SiPANN 1.4.0

Pypi Version Documentation Status License Latest Commit build

Silicon Photonics with Artificial Neural Networks. SiPANN aims to implement various silicon photonics simulators based on machine learning techniques found in literature. The majority of these techniques are linear regression or neural networks. As a results SiPANN can return scattering parameters of (but not limited to)

  • Half Rings
  • Arbitrarily shaped directional couplers
  • Racetrack Resonators
  • Waveguides

And with the help of simphony and SiPANN’s accompanying simphony wrapper

  • Ring Resonators
  • Doubly Coupled Rings
  • Hybrid Devices (ie Green Machine)


SiPANN is distributed on PyPI and can be installed with pip:

pip install SiPANN

Developmental Build

If you want a developmental build, it can be had by executing

git clone
pip install -e SiPANN/

This development version allows you to make changes to this code directly (or pull changes from GitHub) without having to reinstall SiPANN each time.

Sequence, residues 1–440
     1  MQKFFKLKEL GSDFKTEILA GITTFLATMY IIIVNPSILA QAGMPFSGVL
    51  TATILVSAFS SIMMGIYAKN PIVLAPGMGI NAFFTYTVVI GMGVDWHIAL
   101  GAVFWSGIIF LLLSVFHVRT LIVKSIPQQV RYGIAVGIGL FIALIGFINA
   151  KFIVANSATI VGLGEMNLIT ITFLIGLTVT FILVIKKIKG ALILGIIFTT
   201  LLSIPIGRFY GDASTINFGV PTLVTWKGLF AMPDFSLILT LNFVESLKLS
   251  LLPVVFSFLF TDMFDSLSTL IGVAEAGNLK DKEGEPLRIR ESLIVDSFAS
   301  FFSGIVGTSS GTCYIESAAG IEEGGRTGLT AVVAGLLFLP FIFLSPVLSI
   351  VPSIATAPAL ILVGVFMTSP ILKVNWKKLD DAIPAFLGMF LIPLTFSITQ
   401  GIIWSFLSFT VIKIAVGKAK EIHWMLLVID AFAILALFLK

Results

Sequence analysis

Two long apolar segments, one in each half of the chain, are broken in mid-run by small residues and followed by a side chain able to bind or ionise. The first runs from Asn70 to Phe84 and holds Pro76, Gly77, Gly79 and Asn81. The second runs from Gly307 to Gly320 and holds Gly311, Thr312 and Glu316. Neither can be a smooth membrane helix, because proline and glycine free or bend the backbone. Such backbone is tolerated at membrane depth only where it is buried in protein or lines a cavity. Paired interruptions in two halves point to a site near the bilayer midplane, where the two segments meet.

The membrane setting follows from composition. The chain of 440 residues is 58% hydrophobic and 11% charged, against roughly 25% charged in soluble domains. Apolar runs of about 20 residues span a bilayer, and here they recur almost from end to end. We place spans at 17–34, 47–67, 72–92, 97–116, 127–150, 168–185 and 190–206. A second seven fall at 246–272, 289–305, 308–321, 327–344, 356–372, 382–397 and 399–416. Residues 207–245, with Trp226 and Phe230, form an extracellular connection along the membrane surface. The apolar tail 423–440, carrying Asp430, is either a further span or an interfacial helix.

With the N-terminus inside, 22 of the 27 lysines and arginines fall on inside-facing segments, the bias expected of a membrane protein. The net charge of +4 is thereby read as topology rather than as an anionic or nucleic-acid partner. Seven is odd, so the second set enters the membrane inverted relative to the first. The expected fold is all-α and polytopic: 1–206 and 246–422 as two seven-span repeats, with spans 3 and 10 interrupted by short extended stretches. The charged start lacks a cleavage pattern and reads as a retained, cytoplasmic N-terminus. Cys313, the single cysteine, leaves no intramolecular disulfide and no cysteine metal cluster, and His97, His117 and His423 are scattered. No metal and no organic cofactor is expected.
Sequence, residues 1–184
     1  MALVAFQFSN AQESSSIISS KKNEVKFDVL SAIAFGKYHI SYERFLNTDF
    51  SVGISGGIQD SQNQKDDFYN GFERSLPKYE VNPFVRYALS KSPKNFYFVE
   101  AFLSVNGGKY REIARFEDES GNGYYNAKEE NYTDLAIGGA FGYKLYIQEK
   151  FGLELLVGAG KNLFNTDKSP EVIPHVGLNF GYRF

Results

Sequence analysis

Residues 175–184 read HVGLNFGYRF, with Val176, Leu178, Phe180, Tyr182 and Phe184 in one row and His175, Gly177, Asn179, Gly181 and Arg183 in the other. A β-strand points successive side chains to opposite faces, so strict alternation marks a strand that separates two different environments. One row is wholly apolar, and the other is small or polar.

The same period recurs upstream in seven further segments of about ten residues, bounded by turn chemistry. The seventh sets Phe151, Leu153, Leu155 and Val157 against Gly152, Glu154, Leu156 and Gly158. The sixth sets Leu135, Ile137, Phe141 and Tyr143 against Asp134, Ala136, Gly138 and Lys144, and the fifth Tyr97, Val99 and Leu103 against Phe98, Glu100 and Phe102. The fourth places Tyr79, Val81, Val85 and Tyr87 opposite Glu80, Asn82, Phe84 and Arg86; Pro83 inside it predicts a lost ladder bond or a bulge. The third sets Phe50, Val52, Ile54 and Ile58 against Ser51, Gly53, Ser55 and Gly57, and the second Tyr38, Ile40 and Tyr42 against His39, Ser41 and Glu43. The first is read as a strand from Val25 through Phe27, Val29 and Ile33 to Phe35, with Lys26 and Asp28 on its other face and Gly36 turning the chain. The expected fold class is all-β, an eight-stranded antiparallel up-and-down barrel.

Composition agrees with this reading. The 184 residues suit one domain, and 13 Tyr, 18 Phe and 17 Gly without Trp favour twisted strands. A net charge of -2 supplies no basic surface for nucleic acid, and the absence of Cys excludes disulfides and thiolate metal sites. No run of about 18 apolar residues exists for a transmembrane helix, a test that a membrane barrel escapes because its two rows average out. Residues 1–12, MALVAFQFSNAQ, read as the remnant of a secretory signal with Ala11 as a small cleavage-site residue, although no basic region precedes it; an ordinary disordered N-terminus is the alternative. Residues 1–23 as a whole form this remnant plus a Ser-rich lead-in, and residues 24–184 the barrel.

You should then be able to run the examples and tutorials in the examples folder, and call SiPANN from any other python file.


If installing on Windows, one of SiPANN’s dependencies, gdspy, requires a C compiler for installation. This can be bypassed by first installing the gdspy wheel. This is done by downloading the wheel from gdspy, navigating to the location of the wheel, and executing

pip install gds*.whl

After this simply install SiPANN using your desired method.


SiPANN is based on a variety of methods found in various papers, including:

[1] A. Hammond, E. Potokar, and R. Camacho, “Accelerating silicon photonic parameter extraction using artificial neural networks,” OSA Continuum 2, 1964-1973 (2019).

Bibtex citation

        author={Easton Potokar, Alec M. Hammond, Ryan M. Camacho},


Make sure you have committed a changelog file titled “[major].[minor].[patch]” before bumping version.

To bump version prior to a release, run one of the following commands:

bumpversion major
bumpversion minor
bumpversion patch

This will automatically create a git tag in the repository with the corrresponding version number and commit the modified files (where version numbers were updated). Pushing the tags (a manual process) to the remote will automatically create a new release. Releases are automatically published to PyPI and GitHub when git tags matching the “v*” pattern are created (e.g. “v0.2.1”), as bumpversion does.

To view the tags on the local machine, run git tag. To push the tags to the remote server, you can run git push origin <tagname>.

For code quality, please run isort and black before committing (note that the latest release of isort may not work through VSCode’s integrated terminal, and it’s safest to run it separately through another terminal).